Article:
In this old repair shop, vines fall from the rotting roof to meet mossy concrete. Even though it had been dry for days, water dripped in from the roof to make permanent puddles between workstations. It was full of color and sound and industry and nature.

One More for the Clipper

The Clipper was one of the most popular Packards, but its production was cut short by WWII. Had they produced the car instead of Rolls Royce plane engines I imagine there would might be driving a Packard today, rather than a Ford.

Crating Building

The building on the right was where parts not assembled onto vehicles would be set in crates for shipment.

Slagway

Between the catwalks of Furnace 6, the molted ore would flow through the chute.

Fragile Death Trap

To the right is the spiral staircase. This building had a definite “floor problem”.

Electric Steel- Bush

In the mid-2000s, Peavey sealed the spaces between their Electric Steel Elevator bins. What they unwittingly created was a graffiti time capsule. “Impeach Bush”.

A Factory Wants

This section of the production floor was constantly dripping. Someone had laid down giant plastic sheeting to attempt to protect the lower floors, but it hasn’t worked.

Grain Feeds

I tried to hide the graffiti from my photos, but sometimes it wasn’t possible.

IN MINE

A board to track which miners are underground. Low tech, but very effective.

Banksy Ripoff

At this junction where Brewery Creek gets a breath of fresh air stands a kid holding a paintbrush: a Banksy (famous graffiti artist) ripoff.

Hoist Operator Booth

Peering through the glass in the Hoist Operator’s cab, stained with graffiti. The cable and reels can be seen through the glass… these are now gone.

Side of the Coating Line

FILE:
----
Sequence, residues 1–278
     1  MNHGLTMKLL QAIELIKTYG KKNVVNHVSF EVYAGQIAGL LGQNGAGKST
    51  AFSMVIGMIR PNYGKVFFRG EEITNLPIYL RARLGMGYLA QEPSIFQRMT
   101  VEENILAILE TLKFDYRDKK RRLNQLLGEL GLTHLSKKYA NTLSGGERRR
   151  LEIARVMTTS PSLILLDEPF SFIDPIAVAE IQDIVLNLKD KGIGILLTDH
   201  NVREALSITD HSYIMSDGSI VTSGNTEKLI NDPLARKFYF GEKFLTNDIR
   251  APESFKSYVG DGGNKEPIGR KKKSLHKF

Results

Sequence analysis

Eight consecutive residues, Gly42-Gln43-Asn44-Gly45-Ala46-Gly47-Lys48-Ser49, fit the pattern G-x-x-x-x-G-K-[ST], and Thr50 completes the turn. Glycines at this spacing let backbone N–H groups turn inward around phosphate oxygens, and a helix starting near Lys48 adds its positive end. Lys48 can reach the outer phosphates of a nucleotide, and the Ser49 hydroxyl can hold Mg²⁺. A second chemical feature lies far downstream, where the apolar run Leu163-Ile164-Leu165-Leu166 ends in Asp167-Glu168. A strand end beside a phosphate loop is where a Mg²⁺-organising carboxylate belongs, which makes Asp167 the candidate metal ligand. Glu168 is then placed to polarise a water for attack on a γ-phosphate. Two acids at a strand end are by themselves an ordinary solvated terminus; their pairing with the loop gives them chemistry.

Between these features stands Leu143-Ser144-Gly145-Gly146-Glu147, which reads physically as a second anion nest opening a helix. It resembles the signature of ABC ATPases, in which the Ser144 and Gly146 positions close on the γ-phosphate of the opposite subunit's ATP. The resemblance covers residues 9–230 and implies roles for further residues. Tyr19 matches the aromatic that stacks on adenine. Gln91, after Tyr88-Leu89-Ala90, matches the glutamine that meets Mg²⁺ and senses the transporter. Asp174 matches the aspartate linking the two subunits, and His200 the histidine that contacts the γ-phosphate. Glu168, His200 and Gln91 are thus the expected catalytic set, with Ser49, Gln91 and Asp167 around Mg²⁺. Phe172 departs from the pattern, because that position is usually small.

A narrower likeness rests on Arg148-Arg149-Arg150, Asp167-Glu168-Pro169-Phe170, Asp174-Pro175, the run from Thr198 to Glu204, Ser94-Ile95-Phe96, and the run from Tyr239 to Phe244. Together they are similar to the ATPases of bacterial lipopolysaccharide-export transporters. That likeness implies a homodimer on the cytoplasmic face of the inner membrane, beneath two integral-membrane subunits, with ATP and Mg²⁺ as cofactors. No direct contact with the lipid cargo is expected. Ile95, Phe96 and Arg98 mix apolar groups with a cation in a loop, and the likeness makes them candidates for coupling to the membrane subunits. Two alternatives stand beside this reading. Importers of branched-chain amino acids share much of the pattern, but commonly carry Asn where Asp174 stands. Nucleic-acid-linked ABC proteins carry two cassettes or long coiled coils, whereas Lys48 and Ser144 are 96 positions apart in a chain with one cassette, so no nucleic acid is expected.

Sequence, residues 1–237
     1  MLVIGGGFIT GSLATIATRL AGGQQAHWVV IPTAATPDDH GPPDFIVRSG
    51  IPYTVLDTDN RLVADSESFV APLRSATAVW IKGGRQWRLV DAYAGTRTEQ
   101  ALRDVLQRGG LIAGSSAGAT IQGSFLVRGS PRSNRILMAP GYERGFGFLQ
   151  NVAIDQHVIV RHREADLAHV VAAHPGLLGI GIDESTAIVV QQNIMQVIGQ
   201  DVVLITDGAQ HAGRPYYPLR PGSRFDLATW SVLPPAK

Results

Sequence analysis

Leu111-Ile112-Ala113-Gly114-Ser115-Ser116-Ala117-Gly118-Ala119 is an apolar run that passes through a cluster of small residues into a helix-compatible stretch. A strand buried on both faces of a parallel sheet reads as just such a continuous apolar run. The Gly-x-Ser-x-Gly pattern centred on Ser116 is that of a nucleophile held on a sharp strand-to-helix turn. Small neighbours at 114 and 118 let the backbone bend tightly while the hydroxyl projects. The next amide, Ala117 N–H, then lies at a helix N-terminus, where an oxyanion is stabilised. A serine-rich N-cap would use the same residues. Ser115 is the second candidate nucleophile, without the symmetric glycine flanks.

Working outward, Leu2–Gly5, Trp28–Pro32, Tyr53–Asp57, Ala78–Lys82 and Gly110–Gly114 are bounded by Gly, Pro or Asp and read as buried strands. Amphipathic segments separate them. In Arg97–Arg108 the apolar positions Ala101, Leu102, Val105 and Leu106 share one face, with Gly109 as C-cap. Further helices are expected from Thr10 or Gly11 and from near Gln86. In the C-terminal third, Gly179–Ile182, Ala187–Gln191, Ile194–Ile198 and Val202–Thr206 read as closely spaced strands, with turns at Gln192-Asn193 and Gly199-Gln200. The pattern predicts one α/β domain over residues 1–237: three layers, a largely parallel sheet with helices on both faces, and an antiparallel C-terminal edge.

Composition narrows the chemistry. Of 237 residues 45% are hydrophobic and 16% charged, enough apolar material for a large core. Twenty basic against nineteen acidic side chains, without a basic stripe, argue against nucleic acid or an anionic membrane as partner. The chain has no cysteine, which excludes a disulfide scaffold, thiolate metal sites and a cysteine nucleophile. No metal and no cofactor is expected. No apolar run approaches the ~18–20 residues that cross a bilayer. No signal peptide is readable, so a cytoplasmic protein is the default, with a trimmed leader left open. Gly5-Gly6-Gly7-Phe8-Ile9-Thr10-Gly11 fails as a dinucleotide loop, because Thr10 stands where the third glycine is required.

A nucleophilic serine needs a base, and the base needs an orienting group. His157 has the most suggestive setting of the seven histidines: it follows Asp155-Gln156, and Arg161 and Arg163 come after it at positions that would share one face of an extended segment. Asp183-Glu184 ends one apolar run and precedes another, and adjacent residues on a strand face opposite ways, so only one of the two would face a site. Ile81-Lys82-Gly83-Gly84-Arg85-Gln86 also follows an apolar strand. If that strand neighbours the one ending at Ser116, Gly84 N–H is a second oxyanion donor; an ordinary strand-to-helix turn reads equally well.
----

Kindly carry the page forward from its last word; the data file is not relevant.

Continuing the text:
Note the rails in the floor that guided cars to the coating line, the side of which is lined with the windows in the center of the image.

We Have Arrived

The most pointless, beautiful and nuclear-bomb-proof catwalk I’ve been on to date. It goes between two high levels in its own bottom-lit concrete capsule in the center of the tallest, thickest building. Hang on, we’re riding this one out.

Lost?

The Atlas D command building. As Brutalist as it gets.

Art Project

Some guerilla art for passing drivers on I-94 East to enjoy. Artist unknown.

Palms

Behind the small stage is a hallway signed by practically every act that walked through its doors. There’s also a pair of palms. Since all the heat in the building collects in this area, it did seem more tropical.

Lyric Offices

The back of the Lyric, including the offices at the back of the theater.

Parking Lot

The parking lot is in better condition than most of the complex. The left building is the lab.

Rauchfang

The smokestack for the sintering plant included a big blower room, to launch the fumes into the atmosphere and away from the town. What could go wrong?

Carrie Tower

Looking at the engine house (left) from atop the stoves.

Foggy 51

The cold air collided with the sun-warmed water on the floor, filling the ground floor of the Keg House with thick fog…

Broken Dust Pipe

It seems like this pipe was made to return dust to the collector in the main workhouse from the annex.

Firedoor